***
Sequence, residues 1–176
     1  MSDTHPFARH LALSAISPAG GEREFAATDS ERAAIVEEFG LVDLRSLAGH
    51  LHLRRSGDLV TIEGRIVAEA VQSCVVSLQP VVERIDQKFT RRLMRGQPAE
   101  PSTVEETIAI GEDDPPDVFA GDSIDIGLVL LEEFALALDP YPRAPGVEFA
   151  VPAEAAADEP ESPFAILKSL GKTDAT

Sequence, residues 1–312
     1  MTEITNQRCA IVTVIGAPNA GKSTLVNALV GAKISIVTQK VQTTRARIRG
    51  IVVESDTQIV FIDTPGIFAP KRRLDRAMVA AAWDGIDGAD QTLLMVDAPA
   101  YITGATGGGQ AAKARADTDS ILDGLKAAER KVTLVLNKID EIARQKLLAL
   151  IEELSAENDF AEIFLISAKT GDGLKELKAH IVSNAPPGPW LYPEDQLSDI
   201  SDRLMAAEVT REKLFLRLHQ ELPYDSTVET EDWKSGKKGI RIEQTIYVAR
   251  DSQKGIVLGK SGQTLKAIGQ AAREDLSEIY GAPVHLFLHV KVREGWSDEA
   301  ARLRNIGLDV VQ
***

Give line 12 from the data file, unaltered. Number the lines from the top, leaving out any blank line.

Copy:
   251  DSQKGIVLGK SGQTLKAIGQ AAREDLSEIY GAPVHLFLHV KVREGWSDEA